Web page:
• Solver Oriented DSS − It is based on a solver, which is an algorithm or procedure written for
performing certain calculations and particular program type.
• Rules Oriented DSS − It follows certain procedures adopted as rules.
• Rules Oriented DSS − Procedures are adopted in rules oriented DSS. Export system is the
example
Types of DSS

• Following are some typical DSSs −


• Status Inquiry System − It helps in taking operational, management level, or middle level
management decisions, for example daily schedules of jobs to machines or machines to
operators.
• Data Analysis System − It needs comparative analysis and makes use of formula or an
algorithm, for example cash flow analysis, inventory analysis etc.
• Information Analysis System − In this system data is analyzed and the information report is
generated. For example, sales analysis, accounts receivable systems, market analysis etc.
• Accounting System − It keeps track of accounting and finance related information, for
example, final account, accounts receivables, accounts payables, etc. that keep track of the
major aspects of the business.
• Model Based System − Simulation models or optimization models used for decision-making
are used infrequently and creates general guidelines for operation or management.
MIS - Knowledge Management
System
• What is Knowledge?
• Personalized information
• State of knowing and understanding
• An object to be stored and manipulated
• A process of applying expertise
• A condition of access to information
• Potential to influence action
Sources of Knowledge of an
Organization
• Intranet
• Data warehouses and knowledge repositories
• Decision support tools
• Groupware for supporting collaboration
• Networks of knowledge workers
• Internal expertise
Definition of KMS

• A knowledge management system comprises a range


of practices used in an organization to identify, create,
represent, distribute, and enable adoption to insight
and experience.
• Such insights and experience comprise knowledge,
either embodied in individual or embedded in
organizational processes and practices.
Purpose of KMS

• Improved performance
• Competitive advantage
• Innovation
• Sharing of knowledge
• Integration
• Continuous improvement by −
• Driving strategy
• Starting new lines of business
• Solving problems faster
• Developing professional skills
• Recruit and retain talent
Activities in Knowledge
Management
• Start with the business problem and the business value to be delivered
first.
• Identify what kind of strategy to pursue to deliver this value and
address the KM problem.
• Think about the system required from a people and process point of
view.
• Finally, think about what kind of technical infrastructure are required to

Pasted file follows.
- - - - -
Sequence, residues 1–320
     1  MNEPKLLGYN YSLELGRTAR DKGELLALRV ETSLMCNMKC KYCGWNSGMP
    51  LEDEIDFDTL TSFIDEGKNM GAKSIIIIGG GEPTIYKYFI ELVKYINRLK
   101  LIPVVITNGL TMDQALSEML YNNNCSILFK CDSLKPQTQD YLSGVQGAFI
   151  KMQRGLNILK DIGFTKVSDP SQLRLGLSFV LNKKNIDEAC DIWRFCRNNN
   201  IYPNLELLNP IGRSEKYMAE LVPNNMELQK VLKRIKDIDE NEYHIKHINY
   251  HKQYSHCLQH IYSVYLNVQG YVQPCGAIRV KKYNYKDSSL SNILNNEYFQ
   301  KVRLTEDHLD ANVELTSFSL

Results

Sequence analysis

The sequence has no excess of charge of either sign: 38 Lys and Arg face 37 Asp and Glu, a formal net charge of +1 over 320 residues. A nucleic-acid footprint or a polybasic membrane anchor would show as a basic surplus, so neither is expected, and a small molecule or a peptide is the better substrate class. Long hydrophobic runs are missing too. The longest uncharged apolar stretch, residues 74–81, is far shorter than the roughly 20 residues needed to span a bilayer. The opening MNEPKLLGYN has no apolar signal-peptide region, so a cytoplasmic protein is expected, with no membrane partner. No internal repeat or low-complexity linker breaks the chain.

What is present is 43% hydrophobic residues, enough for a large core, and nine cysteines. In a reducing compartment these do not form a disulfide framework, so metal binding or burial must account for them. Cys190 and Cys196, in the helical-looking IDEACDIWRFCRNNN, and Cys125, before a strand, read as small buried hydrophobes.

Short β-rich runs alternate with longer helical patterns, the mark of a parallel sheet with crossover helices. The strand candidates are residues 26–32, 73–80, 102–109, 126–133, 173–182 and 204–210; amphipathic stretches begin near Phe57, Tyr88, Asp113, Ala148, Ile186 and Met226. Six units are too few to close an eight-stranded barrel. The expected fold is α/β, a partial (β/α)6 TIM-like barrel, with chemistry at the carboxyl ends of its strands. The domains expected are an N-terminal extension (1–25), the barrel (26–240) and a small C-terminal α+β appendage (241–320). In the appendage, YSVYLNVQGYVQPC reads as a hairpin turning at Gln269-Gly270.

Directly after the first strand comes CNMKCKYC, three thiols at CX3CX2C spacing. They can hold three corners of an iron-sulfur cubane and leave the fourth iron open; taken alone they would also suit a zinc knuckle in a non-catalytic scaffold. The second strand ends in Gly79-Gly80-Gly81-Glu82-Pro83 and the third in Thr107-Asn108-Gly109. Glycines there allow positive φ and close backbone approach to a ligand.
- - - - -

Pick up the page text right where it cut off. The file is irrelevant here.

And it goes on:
support the people and processes.
• Implement system and processes with appropriate change
management and iterative staged release.
Level of Knowledge Management
MIS - Content Management System

• A Content Management System (CMS) allows publishing,


editing, and modifying content as well as its maintenance by
combining rules, processes and/or workflows, from a central
interface, in a collaborative environment.
• A CMS may serve as a central repository for content, which
could be, textual data, documents, movies, pictures, phone
numbers, and/or scientific data.
Functions of Content Management

• Creating content
• Storing content
• Indexing content
• Searching content
• Retrieving content
• Publishing content
• Archiving content
• Revising content
• Managing content end-to-end
Content Management Workflow

• Designing content template, for example web administrator designs


webpage template for web content management.
• Creating content blocks, for example, a web administrator adds
empower CMS tags called "content blocks" to webpage template
using CMS.
• Positioning content blocks on the document, for example, web
administrator positions content blocks in webpage.
• Authoring content providers to search, retrieve, view and update
content.
Advantages of CMS

• Content management system helps to secure privacy and currency of the content and enhances
performance by −
• Ensuring integrity and accuracy of content by ensuring only one user modifies the content at a time.
• Implementing audit trails to monitor changes made in content over time.
• Providing secured user access to content.
• Organization of content into related groups and folders.
• Allowing searching and retrieval of content.
• Recording information and meta-data related to the content, like author and title of content, version